All negative manifestations arise due to the internal conflict.  We usually associate with others, but that is only what appears.  The fault does not lie within the other person, it lies in our own mind, and so we need to handle our minds carefully.  We must try to practice restraint in our thoughts, actions and behaviors and instead of blaming others, look towards ourselves first.  Until we can come to an agreement with our mind, there will always be conflict.

We associate joy with success and sorrow with failure.  Every individual’s main struggle in life is to be free from suffering and discover happiness.  Joy can make us weak and those who run after happiness only, remain weak, whilst those who endure suffering acquire strength of mind.  Suffering can also help bring us closer to Go, as it is when we suffer that we usually go to God for help.  We should experience joy and happiness, but we must not forget our aim – to free ourselves from bondages so we can experience total freedom.  Sometimes suffering is required to attain this.  Finding the balance between the two is yoga.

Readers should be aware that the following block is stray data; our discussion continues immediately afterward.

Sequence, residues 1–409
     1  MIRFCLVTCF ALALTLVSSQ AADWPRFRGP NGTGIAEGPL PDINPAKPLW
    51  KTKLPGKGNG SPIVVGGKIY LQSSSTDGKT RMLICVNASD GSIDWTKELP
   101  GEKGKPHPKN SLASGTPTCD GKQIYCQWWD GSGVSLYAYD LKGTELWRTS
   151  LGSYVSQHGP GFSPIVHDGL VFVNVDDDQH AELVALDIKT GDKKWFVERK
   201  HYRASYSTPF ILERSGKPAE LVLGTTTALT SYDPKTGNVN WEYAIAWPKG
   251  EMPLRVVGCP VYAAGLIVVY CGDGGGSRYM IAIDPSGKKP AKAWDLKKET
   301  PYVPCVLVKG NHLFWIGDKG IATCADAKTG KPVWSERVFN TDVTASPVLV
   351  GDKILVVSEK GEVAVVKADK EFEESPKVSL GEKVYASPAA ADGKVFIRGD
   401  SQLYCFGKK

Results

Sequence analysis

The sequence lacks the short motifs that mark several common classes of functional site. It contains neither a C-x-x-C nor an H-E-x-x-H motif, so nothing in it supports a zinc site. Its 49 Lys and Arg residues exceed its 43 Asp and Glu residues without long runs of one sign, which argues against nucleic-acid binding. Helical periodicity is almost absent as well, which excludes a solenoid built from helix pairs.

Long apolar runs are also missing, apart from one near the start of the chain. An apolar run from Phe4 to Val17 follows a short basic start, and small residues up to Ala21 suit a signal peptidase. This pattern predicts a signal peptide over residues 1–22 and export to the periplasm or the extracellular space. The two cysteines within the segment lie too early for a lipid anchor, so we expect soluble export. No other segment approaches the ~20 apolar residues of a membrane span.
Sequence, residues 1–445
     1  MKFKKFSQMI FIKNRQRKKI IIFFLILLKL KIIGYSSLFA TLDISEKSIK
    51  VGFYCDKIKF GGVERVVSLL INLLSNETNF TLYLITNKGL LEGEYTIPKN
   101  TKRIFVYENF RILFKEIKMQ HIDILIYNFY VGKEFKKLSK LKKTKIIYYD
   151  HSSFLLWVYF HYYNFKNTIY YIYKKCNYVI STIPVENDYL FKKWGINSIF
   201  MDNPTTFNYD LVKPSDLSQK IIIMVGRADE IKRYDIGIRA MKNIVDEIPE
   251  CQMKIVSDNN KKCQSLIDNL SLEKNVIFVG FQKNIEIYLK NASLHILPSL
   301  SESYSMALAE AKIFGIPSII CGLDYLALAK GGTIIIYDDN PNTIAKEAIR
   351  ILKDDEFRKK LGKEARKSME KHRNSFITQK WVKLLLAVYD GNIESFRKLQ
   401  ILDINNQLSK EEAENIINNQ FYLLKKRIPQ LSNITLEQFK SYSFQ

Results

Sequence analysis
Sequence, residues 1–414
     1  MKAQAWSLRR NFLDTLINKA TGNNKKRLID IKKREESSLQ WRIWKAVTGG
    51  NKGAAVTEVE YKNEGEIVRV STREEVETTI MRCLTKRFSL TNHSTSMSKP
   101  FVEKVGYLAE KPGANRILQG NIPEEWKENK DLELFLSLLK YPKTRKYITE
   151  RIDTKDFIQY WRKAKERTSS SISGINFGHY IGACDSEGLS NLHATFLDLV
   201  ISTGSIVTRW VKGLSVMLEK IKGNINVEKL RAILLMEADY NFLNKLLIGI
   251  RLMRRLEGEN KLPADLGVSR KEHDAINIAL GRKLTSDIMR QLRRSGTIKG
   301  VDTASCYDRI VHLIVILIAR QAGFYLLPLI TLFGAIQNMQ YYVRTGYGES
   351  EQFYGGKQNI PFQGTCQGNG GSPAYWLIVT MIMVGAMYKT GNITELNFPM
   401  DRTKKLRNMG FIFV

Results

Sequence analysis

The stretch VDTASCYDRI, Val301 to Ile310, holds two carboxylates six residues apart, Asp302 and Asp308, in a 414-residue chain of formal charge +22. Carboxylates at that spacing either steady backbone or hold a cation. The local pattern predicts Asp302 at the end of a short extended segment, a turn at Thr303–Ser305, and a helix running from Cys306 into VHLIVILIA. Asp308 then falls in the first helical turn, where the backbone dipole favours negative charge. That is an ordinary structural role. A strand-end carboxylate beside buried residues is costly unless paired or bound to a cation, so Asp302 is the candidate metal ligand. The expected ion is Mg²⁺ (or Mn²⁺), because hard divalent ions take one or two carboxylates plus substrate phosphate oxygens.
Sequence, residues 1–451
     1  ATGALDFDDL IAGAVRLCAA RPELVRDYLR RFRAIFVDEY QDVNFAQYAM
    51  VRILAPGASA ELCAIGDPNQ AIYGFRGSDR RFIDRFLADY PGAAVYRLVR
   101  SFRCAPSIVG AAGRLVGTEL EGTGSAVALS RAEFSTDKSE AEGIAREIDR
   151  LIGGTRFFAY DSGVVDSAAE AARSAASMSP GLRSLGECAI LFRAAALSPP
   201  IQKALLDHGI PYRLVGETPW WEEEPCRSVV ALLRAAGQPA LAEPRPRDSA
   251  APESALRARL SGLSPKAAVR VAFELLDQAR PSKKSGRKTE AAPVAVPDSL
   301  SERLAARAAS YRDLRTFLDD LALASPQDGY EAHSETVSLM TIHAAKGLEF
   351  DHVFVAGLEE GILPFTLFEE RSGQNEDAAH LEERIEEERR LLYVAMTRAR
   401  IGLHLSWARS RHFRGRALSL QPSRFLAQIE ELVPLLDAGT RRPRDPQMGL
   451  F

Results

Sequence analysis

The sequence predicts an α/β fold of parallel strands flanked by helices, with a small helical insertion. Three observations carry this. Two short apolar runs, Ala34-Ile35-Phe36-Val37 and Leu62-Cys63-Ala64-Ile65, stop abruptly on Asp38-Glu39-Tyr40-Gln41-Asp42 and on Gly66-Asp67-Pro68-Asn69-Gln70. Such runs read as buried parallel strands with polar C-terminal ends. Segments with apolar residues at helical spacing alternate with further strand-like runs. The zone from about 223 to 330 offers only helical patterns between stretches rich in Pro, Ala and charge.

We need to be grateful for all we have in our lives.  If we are aware of the absences in life, our glass will always be half empty, but if we are aware of the gains in life, it will always be half full.

We should try practice non-attachment, pruning our desires that are beneficial for life and maintaining those, but getting rid of the rest.  This is how our minds have to be redirected from selfishness and selflessness.  We should also practice acceptance – being happy with or without what we desire.

On the physical side, karma yoga says that when we complete and action, each action should be a creative one, done with perfection and there should be no expectation of result.  The reality of life is that not many people are evolved enough to deny the results.  In normal human state, every individual expects results.  It is not wrong to expect results, the only thing wrong is hankering for and being obsesses with result.